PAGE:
ID for language-invariant strings

CE Whitehead cewcathar at
Thu Mar 13 17:43:10 CET 2008

I agree that [mis] is not appropriate.   I'm not sure that [zxx] is appropriate either (I'd have to see the strings).  Regarding [und], that is for when you "can't be reasonably sure what the language is" () and the text it is embedded in is tagged for language ( (I'd have to see the strings again to form an opionion on the appropriateness of [und]).
Regarding [i-default],
section 4.5 of RFC 2277 ( ) begins
"When human-readable text must be presented in a context where the   sender has no knowledge of the recipient's language preferences (such   as login failures or E-mailed warnings, or prior to language   negotiation), text SHOULD be presented in Default Language."
Michael Everson suggested you send us the text in question, and, if you don't think [i-default] is appropriate, then you might send it and explain why, I guess.
--C. E. Whitehead
cewcathar at 
> From: Peter Constable <petercon at>> Subject: ID for language-invariant strings> To: "ietf-languages at" <ietf-languages at>> Message-ID:> <DDB6DE6E9D27DD478AE6D1BBBB83579562DEA50201 at>> > Content-Type: text/plain; charset="us-ascii"> > What are people's thoughts about language tagging for language-invariant strings?> > I'm working with a group on an application scenario in which we have a table of strings in various languages that name entities, but we also need to support entries that have a reference name that is considered a language-neutral form of a name for a given entity.> > Strictly speaking, these would be strings intended for programmatic operation and not human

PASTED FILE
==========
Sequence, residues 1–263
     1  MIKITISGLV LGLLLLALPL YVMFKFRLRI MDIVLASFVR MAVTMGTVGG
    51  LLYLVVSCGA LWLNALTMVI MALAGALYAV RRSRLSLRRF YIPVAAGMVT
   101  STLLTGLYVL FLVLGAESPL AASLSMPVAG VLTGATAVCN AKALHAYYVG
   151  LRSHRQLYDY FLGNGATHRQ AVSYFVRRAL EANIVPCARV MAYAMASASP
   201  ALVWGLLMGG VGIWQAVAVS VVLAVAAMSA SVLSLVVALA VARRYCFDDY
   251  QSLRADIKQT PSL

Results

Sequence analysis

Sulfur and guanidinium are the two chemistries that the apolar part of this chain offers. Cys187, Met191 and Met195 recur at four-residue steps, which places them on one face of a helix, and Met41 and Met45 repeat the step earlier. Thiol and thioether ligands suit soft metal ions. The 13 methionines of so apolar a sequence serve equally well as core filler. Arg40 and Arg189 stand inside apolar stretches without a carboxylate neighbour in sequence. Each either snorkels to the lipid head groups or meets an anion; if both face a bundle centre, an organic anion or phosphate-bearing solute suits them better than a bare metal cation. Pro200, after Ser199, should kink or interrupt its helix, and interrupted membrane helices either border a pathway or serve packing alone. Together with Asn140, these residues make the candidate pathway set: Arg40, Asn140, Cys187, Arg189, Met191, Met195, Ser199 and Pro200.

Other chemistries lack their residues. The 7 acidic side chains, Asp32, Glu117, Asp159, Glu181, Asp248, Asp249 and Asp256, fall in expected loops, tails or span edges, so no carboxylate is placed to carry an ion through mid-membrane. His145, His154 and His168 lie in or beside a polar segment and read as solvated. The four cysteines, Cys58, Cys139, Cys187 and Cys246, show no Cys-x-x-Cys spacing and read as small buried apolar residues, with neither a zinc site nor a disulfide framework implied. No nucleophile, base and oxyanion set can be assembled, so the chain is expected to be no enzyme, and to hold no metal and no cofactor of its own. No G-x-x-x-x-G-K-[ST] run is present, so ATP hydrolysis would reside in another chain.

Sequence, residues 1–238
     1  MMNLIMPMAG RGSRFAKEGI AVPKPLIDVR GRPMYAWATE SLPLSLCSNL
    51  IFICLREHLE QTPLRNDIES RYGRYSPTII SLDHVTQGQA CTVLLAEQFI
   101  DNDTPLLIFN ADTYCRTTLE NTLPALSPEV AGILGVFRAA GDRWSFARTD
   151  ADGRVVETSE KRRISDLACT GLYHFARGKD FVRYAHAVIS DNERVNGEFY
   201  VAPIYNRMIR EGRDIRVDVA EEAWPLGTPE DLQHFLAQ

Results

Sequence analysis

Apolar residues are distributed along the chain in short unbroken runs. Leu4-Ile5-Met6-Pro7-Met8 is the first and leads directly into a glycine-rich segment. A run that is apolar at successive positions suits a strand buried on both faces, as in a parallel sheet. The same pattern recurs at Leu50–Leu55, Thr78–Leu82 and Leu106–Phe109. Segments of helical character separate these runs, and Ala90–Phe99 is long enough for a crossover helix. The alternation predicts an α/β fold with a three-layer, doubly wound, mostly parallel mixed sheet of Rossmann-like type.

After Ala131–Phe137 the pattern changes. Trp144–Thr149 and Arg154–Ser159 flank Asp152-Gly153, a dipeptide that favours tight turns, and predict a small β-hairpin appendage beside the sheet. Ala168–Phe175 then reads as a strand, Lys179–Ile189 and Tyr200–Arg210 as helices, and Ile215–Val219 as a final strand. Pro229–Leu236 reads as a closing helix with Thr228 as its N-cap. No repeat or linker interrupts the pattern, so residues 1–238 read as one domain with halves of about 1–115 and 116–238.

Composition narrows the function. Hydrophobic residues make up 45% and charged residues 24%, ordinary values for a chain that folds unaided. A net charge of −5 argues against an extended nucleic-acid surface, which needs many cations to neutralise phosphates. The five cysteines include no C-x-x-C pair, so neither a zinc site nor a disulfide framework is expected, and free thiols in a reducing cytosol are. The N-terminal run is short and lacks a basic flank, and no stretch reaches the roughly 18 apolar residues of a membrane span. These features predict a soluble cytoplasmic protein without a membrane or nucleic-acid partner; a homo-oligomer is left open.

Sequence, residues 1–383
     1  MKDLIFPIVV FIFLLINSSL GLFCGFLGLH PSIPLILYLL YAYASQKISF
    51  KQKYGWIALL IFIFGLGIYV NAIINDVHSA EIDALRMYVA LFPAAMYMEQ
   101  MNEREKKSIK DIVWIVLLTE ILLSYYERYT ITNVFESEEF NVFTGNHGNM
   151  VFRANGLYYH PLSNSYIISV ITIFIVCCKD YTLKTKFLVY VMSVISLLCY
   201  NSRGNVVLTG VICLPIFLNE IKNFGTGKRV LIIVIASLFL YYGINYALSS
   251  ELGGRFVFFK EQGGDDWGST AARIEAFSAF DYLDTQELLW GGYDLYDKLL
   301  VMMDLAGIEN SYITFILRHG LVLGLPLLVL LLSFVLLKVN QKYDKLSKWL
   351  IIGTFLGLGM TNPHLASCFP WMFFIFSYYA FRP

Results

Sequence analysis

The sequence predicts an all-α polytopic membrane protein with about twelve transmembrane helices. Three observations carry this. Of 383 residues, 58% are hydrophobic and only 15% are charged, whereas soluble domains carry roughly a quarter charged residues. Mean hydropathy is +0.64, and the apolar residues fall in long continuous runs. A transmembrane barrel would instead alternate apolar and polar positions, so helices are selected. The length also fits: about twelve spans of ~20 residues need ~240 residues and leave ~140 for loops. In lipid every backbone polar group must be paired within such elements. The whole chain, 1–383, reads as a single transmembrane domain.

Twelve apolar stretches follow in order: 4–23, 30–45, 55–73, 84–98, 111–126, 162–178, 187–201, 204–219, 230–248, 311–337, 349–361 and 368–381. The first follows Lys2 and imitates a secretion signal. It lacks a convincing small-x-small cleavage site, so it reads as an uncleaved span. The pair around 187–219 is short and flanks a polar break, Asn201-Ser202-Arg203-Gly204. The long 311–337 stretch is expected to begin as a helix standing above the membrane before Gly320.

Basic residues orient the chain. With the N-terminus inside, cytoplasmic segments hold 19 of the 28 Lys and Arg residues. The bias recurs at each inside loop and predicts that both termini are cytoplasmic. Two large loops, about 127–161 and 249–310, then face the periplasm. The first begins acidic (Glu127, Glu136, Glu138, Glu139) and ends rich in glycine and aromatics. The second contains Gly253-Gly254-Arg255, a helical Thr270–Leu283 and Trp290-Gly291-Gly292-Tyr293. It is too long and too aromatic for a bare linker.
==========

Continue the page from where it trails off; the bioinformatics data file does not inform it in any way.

> consumption, and so, some might argue, are not in scope for IETF language tags. However,
> these are exceptional: almost all of the strings in the same table are intended for human
> consumption, and RFC 4646 is the spec being applied for identifying the language of strings in > the table. Moreover, the strings in question *are* (in general) in a human language; they are > just the values that are adopted to be used for language-neutral referencing.> > The "i-default" tag is not appropriate for this: these are not default display strings. 
??? I'd like to see the strings.
> And "zxx" is > not appropriate since, in fact, there is linguistic content. The "mis" tag doesn't 
>  seem like the 
> right choice: we do not want an ambiguous ID that could be applied to other entries intended 
> for a different purpose (strings intended for human consumption that happen to be in an 
> uncoded language.) The "und" tag might be usable, though that doesn't seem quite right to 
> me: we're not intending to say that the language is (as yet) undetermined (and might be > determined later); rather, we want a value indicating 'this is special content used as a
> referential key - the language of the content is irrelevant'.> 
> > From: Michael Everson <everson at>> Subject: Re: ID for language-invariant strings> To: "ietf-languages at" <ietf-languages at>> Message-ID: <p06240815c3fe881766a4@[]>> Content-Type: text/plain; charset="us-ascii" ; format="flowed"> > Peter,> > I can't even begin to understand what "language-invariant" is meant > to mean. You say you are talking about some group of language names. > Favour us please with the actual language and or names, please, or > this idea should just fade away into the vagueness you have given us > about it.> +1> >
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